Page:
Vitamin D and Allergies and Asthma

Comments Off on Vitamin D and Allergies and Asthma Written on June 8th, 2011 by
Categories: Allergy Advice
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Vitamin D seems to be all the rage these days. You can hear about it around the water cooler at work, in your physician’s office, and store shelves seem to be brimming with vitamin D supplements. Currently, there are several studies that suggest vitamin D may play a role in allergies and asthma, but definitive results are pending.

Research has revealed vitamin D’s role with calcium, and how it affects our bones and parathyroid glands. Vitamin D is important for the absorption of calcium by the intestinal tract. It prevents problems with our bones, such as osteomalacia in adults and Ricket’s disease in young children. This supplement also prevents abnormal function of the parathyroid glands. Finally, we know that vitamin D plays a role in our immune system; however, the specific role is still unclear.

Augusto A. Litonjua M.D. has proposed vitamin D may also protect patients from getting asthma and allergies. Dr, Litonjua’s proposal has inspired others to further research the correlation between vitamin D and allergies and asthma. One such study headed by John Brehm M.D. was CAMP, Childhood Asthma Management Program. CAMP studied over a thousand children with asthma from diverse backgrounds and various locations within the United States. Dr, Brehm reviewed vitamin D levels in the children’s blood. His research revealed that patients with low levels of vitamin D have more severe asthma and more frequent emergency room visits than those with higher levels of vitamin D in their blood. Other studies are finding vitamin D receptors in cells that are associated with the immune system. This is important because asthma and allergies are caused by an overactive immune system.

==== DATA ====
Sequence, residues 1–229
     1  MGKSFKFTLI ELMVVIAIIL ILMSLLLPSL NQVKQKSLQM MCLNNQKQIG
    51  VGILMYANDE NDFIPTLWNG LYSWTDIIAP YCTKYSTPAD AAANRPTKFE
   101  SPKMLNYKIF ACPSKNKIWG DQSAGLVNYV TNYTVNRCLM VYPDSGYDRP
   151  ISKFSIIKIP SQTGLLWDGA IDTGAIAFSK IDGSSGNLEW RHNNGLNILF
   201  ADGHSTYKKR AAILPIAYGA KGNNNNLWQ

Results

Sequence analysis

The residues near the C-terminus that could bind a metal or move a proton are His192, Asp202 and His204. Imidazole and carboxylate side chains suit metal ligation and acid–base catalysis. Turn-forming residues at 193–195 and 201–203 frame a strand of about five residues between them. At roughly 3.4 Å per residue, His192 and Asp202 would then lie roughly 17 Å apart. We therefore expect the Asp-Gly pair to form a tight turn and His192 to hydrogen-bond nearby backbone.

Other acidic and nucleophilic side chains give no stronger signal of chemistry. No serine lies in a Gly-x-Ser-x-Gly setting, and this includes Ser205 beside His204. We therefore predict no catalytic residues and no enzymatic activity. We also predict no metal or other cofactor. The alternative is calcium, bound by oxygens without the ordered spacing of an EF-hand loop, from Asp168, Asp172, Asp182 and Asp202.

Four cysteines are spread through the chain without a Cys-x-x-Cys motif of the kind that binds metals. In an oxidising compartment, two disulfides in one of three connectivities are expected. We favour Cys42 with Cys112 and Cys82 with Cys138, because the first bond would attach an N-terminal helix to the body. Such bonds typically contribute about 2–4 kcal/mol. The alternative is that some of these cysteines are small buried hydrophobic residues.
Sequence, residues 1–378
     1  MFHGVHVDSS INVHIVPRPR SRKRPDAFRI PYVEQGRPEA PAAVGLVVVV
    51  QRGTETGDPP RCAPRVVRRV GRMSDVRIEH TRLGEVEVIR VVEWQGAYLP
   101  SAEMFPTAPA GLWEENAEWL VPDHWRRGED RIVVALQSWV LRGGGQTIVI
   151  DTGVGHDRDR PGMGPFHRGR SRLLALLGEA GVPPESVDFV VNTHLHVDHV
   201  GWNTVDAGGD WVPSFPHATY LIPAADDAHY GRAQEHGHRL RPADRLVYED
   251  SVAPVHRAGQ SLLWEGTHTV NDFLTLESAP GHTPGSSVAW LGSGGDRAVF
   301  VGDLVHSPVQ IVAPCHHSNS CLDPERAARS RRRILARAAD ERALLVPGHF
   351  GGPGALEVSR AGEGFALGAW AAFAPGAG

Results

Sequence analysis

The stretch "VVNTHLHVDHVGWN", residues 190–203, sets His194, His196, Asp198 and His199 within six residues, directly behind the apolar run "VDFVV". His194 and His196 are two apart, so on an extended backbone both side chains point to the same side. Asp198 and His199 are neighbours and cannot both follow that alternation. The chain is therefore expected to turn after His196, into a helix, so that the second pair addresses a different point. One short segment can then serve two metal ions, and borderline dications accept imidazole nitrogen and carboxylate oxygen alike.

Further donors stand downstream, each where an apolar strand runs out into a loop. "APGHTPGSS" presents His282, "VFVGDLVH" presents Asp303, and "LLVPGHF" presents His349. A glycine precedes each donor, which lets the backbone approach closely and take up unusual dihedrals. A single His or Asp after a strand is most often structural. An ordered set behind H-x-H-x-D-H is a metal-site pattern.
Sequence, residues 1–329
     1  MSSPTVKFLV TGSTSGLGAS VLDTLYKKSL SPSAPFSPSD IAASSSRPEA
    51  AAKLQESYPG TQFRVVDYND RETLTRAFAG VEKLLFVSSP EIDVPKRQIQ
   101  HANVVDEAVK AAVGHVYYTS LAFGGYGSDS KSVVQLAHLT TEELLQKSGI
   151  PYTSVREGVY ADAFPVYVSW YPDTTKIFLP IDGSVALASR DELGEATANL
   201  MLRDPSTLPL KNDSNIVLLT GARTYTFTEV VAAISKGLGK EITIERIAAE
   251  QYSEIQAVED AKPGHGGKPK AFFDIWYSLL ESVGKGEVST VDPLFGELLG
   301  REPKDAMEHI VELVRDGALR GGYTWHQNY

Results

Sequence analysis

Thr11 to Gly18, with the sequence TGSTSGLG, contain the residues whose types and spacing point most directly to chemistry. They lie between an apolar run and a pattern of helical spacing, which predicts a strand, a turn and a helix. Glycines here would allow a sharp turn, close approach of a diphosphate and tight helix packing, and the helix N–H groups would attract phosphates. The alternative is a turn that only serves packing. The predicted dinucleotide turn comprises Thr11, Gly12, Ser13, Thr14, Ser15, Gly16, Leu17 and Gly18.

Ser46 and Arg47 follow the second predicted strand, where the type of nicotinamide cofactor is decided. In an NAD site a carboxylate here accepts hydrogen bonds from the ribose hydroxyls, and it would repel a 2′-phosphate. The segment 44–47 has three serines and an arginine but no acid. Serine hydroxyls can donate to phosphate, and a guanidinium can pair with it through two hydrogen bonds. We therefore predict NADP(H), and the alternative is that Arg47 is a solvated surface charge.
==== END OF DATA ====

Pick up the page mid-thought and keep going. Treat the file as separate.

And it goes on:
In summary vitamin D is important for calcium absorption, bone strength and parathyroid gland function. The medical community is interested in learning more about vitamin D’s possible correlation with allergies and asthma. Vitamin D can be naturally produced when our skin is exposed to sunlight. It may also be obtained through our diet. Currently, the recommended daily dose is 400 I.U.’s of vitamin D. Vitamin D can be found in foods high in fat, such as fish, egg yolks. and liver. People can increase their daily dose by eating foods fortified with vitamin D, such as milk and cheese. If you have questions regarding the role of vitamin D and your health, please ask your health care provider.

 

 

 

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